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France

Unions hope for biggest protest yet on pensions protest

Reuters

French trade unions are hoping for the biggest turnout yet on the fifth day of demonstrations against President Nicolas Sarkozy’s pension reform in six weeks. An oil refinery strike is threatening supplies to Paris’s Roissy airport and to the petrol pumps.

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Over 230 rallies will take place across the country, according to the CGT union federation, which hopes that over a million people will hit the streets.

Strikes have hit all 12 of France’s oil refineries, with ten closed down. While Paris’s Orly airport reports having enough stocks for 17 days, Roissy Charles de Gaulle says that fuel could run out on Monday.

About 10 per cent of service stations were reported closed on Friday.

The government has given permission to oil companies to use their own emergency stocks but has resisted calls to open the part of a fuel reserve controlled by a government body.

School students are expected to turn out in large numbers on Saturday’s demonstrations.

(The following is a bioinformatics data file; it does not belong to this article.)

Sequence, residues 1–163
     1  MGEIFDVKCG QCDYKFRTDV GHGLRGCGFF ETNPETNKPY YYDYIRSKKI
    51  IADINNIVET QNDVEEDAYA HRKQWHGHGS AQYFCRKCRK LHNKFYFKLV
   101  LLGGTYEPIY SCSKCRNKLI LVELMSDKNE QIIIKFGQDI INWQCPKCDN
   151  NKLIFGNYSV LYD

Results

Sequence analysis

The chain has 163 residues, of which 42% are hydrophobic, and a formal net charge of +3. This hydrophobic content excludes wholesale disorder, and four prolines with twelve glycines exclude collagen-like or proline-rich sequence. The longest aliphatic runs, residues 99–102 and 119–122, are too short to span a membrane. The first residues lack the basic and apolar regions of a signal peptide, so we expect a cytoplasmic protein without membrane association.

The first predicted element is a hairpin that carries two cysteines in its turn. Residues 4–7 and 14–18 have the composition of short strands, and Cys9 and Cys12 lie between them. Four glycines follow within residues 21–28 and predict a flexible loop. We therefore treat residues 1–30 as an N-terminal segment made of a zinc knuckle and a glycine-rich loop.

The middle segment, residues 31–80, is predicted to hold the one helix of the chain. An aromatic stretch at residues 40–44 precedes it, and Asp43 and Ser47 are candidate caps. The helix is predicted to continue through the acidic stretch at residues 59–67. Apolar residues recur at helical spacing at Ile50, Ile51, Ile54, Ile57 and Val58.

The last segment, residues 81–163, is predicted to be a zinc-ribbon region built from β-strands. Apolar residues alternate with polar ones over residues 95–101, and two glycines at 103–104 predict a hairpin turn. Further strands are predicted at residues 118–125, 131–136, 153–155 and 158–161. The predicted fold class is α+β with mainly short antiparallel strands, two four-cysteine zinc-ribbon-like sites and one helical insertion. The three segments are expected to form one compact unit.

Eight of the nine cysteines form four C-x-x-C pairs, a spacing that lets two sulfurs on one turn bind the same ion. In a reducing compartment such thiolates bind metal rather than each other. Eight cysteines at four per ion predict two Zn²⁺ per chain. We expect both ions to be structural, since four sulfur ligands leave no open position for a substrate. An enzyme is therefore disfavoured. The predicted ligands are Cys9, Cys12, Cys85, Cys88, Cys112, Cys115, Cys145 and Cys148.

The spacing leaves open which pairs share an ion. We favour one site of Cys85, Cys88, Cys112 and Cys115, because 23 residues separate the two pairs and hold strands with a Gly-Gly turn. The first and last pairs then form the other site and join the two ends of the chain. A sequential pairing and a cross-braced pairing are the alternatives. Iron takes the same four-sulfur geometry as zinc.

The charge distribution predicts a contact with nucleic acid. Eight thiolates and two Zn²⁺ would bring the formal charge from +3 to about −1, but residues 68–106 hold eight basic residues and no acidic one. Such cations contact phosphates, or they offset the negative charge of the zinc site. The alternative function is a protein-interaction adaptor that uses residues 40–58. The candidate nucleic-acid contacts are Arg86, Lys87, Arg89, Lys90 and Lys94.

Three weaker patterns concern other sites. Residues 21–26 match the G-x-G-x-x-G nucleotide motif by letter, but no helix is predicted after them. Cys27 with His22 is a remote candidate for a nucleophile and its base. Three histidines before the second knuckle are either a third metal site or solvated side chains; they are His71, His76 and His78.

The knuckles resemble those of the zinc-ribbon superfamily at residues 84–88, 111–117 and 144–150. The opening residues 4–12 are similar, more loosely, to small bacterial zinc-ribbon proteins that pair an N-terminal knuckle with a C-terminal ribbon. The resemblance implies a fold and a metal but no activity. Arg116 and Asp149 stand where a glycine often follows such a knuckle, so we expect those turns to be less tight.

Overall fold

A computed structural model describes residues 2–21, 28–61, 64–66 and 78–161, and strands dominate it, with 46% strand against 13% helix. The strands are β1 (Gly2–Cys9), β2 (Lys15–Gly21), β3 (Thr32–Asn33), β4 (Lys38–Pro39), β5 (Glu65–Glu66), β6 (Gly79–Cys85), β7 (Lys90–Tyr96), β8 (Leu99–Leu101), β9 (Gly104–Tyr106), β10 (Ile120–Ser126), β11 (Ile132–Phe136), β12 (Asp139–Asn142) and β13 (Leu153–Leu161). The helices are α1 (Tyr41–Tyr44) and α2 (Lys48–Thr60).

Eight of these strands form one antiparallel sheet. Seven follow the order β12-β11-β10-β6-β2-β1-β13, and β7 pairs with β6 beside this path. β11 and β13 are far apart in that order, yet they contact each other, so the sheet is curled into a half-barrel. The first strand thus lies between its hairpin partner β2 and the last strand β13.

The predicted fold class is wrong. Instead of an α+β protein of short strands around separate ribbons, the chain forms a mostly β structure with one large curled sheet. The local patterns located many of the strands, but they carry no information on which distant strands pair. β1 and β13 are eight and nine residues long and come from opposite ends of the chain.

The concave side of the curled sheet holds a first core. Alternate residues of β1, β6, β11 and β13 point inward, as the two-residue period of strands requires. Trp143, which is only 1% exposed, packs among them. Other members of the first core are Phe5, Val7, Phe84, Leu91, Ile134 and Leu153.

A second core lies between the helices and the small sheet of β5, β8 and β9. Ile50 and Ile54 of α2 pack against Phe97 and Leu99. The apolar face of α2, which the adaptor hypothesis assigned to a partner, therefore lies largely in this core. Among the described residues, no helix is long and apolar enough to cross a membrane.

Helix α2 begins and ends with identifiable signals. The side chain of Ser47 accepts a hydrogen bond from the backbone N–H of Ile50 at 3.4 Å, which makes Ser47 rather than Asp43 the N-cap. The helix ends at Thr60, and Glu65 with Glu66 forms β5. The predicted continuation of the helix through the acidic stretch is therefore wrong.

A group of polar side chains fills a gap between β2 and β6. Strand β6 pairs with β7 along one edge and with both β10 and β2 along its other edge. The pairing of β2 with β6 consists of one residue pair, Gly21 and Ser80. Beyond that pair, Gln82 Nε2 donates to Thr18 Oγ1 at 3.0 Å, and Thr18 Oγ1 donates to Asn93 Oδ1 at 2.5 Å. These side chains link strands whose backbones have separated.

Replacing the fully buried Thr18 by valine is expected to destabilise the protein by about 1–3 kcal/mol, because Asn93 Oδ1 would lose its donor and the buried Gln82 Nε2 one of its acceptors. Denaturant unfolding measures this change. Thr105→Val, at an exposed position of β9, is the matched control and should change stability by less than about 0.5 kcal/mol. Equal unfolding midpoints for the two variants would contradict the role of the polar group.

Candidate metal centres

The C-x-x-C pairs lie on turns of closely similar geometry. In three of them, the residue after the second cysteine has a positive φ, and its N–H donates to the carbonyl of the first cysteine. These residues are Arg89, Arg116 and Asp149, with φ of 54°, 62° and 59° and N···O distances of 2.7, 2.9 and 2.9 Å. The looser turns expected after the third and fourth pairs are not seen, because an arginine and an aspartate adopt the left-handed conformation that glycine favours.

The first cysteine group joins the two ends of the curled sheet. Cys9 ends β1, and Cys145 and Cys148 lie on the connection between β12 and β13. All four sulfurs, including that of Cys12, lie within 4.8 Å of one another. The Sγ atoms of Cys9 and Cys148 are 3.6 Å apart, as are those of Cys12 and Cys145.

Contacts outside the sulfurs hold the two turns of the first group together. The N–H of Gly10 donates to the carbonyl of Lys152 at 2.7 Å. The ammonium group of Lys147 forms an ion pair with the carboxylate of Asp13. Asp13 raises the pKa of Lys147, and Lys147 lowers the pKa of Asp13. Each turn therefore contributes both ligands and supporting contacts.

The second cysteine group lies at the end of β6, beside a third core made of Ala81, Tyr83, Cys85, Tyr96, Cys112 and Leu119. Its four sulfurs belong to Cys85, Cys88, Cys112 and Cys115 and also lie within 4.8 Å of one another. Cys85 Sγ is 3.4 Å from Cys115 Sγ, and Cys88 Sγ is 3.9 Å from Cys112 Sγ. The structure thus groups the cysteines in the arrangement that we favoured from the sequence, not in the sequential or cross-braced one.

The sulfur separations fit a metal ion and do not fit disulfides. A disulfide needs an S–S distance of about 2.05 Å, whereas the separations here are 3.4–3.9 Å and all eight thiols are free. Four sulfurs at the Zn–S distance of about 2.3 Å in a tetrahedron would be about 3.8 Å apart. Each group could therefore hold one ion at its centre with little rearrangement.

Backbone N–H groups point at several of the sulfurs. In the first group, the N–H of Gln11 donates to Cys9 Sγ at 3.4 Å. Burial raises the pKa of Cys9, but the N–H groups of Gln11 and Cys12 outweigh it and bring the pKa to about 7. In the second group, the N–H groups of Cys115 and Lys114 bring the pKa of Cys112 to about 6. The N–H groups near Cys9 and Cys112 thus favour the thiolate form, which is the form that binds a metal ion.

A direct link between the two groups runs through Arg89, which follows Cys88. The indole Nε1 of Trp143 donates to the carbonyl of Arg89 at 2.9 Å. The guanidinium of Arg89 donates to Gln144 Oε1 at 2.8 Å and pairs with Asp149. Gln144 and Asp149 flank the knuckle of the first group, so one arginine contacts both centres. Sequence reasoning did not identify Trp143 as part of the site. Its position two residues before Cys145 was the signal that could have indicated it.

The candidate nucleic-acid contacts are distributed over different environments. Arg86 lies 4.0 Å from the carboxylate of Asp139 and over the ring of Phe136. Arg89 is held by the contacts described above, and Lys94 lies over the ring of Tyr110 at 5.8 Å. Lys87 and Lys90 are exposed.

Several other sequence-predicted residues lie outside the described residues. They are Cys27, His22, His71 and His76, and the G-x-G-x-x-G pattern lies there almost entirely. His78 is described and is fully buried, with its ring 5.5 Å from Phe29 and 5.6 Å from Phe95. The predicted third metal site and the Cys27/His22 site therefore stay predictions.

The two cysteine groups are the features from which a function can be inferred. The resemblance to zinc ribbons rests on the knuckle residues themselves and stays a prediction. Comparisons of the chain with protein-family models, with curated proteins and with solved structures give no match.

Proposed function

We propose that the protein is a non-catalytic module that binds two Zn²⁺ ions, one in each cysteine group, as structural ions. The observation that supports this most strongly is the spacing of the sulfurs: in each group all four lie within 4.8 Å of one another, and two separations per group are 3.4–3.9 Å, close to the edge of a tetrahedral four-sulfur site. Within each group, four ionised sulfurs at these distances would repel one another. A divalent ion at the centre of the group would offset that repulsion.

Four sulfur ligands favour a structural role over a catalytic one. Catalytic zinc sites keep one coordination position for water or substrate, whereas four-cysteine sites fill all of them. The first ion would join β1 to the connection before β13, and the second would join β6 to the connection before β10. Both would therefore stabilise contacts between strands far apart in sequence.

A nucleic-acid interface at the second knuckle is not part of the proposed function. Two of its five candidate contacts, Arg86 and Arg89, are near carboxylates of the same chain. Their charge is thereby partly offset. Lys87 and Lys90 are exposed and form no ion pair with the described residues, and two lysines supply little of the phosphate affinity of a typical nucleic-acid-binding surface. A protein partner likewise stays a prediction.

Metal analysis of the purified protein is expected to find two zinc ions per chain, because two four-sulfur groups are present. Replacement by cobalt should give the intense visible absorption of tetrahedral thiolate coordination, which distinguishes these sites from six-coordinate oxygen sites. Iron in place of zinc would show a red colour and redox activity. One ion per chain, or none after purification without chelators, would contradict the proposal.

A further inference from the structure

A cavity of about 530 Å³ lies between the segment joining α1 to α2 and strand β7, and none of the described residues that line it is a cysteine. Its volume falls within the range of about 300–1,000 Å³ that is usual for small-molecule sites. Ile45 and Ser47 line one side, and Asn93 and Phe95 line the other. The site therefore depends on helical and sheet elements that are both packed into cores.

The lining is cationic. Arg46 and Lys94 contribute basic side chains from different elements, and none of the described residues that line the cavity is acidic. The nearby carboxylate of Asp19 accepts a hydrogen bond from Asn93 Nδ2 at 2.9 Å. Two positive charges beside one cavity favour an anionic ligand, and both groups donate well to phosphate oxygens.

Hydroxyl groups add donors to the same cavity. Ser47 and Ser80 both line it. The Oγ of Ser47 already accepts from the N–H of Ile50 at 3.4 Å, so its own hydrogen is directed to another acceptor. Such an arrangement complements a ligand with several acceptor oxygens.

There were 200 arrests as students and police clashed at rallies on Friday, when protests closed 550 high schools, after two students were injured on Thursday.

Sarkozy’s UMP party have seized on the clashes to accuse former Socialist presidential candidate Ségolène Royal of “irresponsibility” after she defended young people’s right to join the protests peacefully.

Saturday's general strike will be followed by another one-day general strike on Tuesday.
 

Strikes continue to disrupt rail and metro traffic in France, although much less than earlier in the week. Transport bosses predict the following for Saturday:

  • TGV high-speed trains: two out of three to leave from Paris, problems in the south because of local difficulties, one in four in the provinces;
  • Corail intercity services: one train in three;
  • International links: Eurostar running normally, trains to Germany running almost normally, nine out of 10 trains to Switzerland, no night train to Milan, trains to Belgium will stop at Lille because of a separate strike by Belgian railworkers;
  • Paris and its region: Most of the metro and much of the RER suburban network are close to normal, with three out of four trains running on most lines, little disruption of bus services.
     

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